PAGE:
The 14 trusts in Sir Bruce Keogh’s review need time and support to improve, not to be buried under an avalanche of criticism
It is lonely at the bottom. That is the message from Sir Bruce Keogh’s review of the 14 trusts with the poorest mortality figures.
Reading his concise and perceptive report, a picture emerges of organisations cut off from the best practice that flows through the blood stream of the most successful trusts.
‘The sensible conclusion that Sir Bruce reaches is that “these trusts will need considerable and sustained external support” to improve’
The Keogh review trusts are places which “tend not to be well linked to professional networks and other centres of knowledge”, and where “attracting top managers is a long-standing challenge”. They are the trusts at which the “capability of medical directors and/or directors of nursing” is questionable and where “boards too easily accept the assurances they were receiving”, while “not really listening to contradictory evidence.”
Not another Mid Staffs
These trusts “manage” complaints rather than seek patient feedback and employ staff who feel “uncomfortable raising issues with senior management”. They do not know how many nurses work on their wards − sometimes risking the quality of care − and, as a result, deal badly with “complex deteriorating patients”.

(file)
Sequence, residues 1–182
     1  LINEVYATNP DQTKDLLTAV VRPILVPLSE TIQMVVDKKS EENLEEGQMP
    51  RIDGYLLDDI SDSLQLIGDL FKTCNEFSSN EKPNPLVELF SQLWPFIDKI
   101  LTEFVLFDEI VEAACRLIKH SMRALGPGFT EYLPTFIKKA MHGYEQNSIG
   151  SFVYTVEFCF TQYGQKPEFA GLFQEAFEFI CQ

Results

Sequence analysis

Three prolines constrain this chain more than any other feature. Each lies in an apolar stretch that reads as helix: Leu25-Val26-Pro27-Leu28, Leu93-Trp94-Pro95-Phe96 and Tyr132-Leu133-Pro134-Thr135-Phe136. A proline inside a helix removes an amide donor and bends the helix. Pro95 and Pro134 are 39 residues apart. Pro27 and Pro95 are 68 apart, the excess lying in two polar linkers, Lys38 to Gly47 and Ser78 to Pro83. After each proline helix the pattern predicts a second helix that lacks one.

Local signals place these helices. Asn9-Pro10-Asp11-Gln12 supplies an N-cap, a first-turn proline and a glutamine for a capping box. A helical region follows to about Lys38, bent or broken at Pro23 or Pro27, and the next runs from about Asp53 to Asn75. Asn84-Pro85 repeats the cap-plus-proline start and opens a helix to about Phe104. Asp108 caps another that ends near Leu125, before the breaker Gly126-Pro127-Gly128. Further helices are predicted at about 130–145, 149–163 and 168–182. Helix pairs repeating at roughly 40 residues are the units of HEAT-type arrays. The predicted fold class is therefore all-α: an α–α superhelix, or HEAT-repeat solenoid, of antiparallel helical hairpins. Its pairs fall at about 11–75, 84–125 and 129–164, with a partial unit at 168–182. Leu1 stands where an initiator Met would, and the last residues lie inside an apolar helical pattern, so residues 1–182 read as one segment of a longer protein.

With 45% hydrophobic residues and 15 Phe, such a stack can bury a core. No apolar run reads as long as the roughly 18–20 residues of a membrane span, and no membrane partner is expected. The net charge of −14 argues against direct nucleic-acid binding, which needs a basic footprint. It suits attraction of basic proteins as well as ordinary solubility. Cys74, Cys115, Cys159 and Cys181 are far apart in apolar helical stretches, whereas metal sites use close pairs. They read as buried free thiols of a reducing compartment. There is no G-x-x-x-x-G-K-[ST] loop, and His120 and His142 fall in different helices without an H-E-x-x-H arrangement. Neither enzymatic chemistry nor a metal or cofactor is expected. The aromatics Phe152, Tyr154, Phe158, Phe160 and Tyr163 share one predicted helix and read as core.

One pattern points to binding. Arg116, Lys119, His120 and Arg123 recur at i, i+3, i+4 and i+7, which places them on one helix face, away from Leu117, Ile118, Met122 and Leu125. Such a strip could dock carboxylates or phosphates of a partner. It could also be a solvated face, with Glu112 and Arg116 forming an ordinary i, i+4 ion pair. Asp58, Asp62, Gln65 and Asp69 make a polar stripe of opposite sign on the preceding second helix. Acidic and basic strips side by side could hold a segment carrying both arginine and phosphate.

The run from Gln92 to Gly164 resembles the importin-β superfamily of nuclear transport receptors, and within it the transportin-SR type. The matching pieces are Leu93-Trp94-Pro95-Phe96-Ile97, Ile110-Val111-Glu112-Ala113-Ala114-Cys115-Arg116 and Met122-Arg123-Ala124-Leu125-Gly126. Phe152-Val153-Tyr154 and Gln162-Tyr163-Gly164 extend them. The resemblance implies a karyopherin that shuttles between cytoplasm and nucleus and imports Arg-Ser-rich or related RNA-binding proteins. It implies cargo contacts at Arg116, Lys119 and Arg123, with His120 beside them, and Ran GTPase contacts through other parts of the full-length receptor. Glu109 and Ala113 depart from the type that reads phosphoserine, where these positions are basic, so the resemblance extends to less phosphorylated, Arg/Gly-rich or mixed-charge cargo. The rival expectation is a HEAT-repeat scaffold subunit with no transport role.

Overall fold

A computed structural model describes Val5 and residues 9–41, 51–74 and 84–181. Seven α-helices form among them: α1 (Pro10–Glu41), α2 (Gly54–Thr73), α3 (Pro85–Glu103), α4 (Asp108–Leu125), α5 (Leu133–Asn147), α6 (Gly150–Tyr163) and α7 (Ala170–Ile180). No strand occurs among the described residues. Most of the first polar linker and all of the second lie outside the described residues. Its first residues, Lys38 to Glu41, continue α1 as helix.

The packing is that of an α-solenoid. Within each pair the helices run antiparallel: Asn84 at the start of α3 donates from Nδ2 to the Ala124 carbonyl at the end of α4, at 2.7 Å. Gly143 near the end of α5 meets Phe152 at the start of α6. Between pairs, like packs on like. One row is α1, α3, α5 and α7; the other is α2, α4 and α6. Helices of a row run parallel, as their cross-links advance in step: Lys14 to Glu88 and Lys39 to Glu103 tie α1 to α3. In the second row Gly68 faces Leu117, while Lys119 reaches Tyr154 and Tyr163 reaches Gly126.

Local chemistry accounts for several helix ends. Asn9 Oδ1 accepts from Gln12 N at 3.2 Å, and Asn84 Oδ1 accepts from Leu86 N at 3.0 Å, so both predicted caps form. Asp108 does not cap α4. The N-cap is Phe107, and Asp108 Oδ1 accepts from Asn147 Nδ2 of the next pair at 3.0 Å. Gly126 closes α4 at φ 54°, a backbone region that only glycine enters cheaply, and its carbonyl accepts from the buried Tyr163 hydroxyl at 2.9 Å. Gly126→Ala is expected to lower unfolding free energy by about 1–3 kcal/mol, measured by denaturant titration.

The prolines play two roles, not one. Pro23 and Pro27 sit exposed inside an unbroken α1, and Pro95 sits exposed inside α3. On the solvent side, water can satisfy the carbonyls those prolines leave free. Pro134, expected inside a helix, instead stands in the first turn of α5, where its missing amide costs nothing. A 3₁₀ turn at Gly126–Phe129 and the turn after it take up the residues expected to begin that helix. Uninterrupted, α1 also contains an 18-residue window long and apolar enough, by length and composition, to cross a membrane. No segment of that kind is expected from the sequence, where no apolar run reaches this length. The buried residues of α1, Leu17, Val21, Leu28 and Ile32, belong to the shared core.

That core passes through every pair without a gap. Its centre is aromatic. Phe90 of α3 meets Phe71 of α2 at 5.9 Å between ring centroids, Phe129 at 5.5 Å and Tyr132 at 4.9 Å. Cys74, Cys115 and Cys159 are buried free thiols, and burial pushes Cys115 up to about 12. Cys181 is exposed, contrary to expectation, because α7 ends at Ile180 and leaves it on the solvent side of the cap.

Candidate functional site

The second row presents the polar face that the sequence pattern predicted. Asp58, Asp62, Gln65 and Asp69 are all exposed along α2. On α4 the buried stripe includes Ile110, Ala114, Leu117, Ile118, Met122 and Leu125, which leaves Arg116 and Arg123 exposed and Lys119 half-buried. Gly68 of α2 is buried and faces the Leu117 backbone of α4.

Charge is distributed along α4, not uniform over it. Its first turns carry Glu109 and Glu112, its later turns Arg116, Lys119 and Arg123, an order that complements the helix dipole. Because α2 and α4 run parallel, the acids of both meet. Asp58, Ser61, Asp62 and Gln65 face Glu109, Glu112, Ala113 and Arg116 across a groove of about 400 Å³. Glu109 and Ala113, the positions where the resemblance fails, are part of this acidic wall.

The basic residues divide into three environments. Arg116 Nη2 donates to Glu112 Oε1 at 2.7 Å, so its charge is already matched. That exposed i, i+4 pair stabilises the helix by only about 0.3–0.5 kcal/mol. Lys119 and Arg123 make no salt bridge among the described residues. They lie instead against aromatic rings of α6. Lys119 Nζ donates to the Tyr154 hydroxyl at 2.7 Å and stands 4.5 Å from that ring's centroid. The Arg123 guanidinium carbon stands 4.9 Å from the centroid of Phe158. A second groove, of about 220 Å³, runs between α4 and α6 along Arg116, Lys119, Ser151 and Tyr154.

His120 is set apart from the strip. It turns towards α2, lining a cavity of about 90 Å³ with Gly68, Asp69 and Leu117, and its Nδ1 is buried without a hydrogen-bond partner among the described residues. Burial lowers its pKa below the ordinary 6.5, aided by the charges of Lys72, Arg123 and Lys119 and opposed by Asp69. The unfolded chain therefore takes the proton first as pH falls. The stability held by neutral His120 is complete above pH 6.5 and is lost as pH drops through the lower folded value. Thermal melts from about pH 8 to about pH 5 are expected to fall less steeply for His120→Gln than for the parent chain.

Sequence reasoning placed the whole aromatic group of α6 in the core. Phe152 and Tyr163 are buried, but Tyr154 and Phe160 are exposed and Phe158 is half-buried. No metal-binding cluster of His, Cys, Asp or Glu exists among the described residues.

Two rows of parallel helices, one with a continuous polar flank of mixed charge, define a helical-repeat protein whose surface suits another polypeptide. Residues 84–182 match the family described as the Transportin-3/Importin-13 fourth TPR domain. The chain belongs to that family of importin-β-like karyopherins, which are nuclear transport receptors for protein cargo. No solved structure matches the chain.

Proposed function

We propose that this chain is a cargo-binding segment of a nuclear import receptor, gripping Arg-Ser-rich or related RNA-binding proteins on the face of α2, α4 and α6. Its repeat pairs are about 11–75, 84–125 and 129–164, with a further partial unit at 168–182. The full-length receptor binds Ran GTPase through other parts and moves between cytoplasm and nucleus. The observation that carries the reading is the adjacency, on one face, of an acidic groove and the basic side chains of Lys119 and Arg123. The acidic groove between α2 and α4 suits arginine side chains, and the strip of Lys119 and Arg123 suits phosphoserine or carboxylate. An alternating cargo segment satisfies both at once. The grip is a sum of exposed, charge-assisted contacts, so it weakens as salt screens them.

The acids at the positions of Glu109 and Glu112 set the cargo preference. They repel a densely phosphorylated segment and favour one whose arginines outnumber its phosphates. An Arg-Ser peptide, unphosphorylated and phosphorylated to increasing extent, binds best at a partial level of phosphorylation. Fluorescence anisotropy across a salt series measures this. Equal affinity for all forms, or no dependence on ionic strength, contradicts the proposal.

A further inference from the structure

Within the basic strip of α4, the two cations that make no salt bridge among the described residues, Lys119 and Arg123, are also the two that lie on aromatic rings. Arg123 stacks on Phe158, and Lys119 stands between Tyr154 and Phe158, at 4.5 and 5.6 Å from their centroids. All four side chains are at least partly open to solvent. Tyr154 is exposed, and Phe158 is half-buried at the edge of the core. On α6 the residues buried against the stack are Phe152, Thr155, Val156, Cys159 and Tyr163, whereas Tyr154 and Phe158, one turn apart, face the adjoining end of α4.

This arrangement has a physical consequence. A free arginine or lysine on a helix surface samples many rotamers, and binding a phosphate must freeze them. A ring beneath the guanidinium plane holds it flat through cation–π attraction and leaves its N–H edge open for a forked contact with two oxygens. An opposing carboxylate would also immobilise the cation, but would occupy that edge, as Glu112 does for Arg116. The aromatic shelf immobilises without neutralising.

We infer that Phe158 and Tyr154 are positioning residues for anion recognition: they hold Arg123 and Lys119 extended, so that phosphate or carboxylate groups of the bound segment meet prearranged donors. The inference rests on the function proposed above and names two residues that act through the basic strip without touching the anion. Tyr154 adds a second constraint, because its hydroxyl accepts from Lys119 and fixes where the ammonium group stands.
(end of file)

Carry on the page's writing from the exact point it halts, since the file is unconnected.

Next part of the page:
This − rather than financial pressures or rising demand − is what marks these trusts out as unusual.
The sensible conclusion that Sir Bruce reaches is that “these trusts will need considerable and sustained external support” to improve. There may yet be changes at the top of these trusts − and they may sometimes be warranted − but it is to be hoped in most cases their leaders are given enough breathing space to make use of that support.
None of these trusts are “another Mid Staffs”. Given the deep seated problems many of them face, these organisations need time to come in from the cold, not to be buried by an avalanche of constant criticism.